What are the 4 D’s used to define psychological abnormality?
What is meant by “deviant”?
Being different to what you would expect
e.g. behaviour that may be unusual, extreme
What is meant by “distressing”?
Having unpleasant experiences that are very upsetting to the individual
What is meant by “dysfunctional”?
The inability to conduct daily activities and maintain social relationships
What is meant by “dangerous”?
The individual poses a danger both to themselves and to others
What is the main problem with defining abnormality?
Abnormality is relative to society/ cultural norms and values
What may appear “abnormal” or deviant to one group may be completely normal for another group
What is the problem with having agreed definitions for abnormality?
They are often not applied consistently
e.g. for alcohol dependence, the recommended healthy alcohol intake is often changed and what defines dependence is changed
What is the ICD-10?
International classification of disease
It has diagnosis criteria and treatment options of every disease
What are the 7 broad categories of mental health disorders under ICD-10?
- organic disorders - e.g. dementia
- psychoactive substance use
- psychotic disorders
- mood, stress and anxiety disorders
- physiological disorders e.g. eating disorders
- development disorders
- disorders of childhood e.g. ADHD, autism
According to the Adult Psychiatric Morbidity Survey, how many adults in England have a common mental disorder?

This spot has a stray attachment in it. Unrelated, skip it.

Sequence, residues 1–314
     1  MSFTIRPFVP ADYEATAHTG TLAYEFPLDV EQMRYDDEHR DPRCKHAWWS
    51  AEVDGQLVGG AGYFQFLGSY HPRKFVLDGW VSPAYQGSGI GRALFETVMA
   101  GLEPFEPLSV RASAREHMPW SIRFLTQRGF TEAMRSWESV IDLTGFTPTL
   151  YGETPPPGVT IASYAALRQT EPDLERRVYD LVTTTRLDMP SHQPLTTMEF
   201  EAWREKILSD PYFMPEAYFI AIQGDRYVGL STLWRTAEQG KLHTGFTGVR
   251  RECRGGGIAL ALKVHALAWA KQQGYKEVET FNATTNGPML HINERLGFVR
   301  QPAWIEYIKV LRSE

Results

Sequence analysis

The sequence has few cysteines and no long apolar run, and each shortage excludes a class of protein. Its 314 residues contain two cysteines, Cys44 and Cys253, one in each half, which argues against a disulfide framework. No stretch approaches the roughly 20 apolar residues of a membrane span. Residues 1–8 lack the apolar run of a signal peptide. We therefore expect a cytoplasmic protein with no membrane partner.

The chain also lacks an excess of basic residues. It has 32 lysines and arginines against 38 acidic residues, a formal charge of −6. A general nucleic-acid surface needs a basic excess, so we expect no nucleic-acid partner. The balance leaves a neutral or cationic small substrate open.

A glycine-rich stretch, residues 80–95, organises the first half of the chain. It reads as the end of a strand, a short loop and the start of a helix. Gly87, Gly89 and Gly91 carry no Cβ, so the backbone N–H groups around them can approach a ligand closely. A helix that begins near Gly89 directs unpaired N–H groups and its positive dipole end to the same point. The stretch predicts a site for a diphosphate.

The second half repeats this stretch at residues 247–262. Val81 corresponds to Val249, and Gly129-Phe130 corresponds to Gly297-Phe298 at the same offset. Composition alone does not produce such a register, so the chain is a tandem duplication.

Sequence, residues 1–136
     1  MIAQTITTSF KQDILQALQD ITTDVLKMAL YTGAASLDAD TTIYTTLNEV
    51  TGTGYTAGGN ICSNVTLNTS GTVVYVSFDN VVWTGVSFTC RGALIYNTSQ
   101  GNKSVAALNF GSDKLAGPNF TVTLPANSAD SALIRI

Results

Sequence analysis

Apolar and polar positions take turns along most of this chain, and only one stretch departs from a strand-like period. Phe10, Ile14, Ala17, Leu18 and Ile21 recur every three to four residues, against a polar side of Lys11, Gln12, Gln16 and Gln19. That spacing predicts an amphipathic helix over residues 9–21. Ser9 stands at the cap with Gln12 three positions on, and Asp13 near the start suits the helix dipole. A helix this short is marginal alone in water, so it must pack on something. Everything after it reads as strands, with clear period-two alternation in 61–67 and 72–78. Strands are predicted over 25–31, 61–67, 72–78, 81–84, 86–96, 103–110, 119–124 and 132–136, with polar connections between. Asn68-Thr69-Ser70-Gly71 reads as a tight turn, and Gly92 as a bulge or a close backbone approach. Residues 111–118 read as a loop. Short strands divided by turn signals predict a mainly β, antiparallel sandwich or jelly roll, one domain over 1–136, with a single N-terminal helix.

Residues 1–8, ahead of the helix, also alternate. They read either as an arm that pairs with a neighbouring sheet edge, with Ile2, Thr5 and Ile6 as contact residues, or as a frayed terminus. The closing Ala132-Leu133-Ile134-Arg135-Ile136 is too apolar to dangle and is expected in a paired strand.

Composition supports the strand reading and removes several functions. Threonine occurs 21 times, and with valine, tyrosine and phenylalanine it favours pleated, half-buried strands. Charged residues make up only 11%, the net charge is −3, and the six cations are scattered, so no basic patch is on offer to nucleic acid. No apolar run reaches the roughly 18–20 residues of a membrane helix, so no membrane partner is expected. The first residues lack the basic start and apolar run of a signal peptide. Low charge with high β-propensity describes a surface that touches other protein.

Around 1 person in 6
In which groups was the prevalence of mental disorders higher?
- single or divorced individuals
- living alone
- in receipt of state benefits (lower income)
How were mental disorders seen to relate to physiological disorders?
There is a comorbidity with chronic physical illness
e.g. cancer, asthma, diabetes, epilepsy, high blood pressure
What is the “key high risk group” when it comes to mental illness?
What percentage of GP appointments are taken up by mental health disorders?
The appointments also require more time per appointment
What are the most prevalent mental health disorders?
Why are they difficult to diagnose?
- generalised anxiety disorder
- depressive episodes
- mixed anxiety and depressive disorder
The presentations of anxiety and depression overlap - and they may be symptoms of an underlying physical health problem
What are the 5 categories of anxiety disorders?
- panic disorder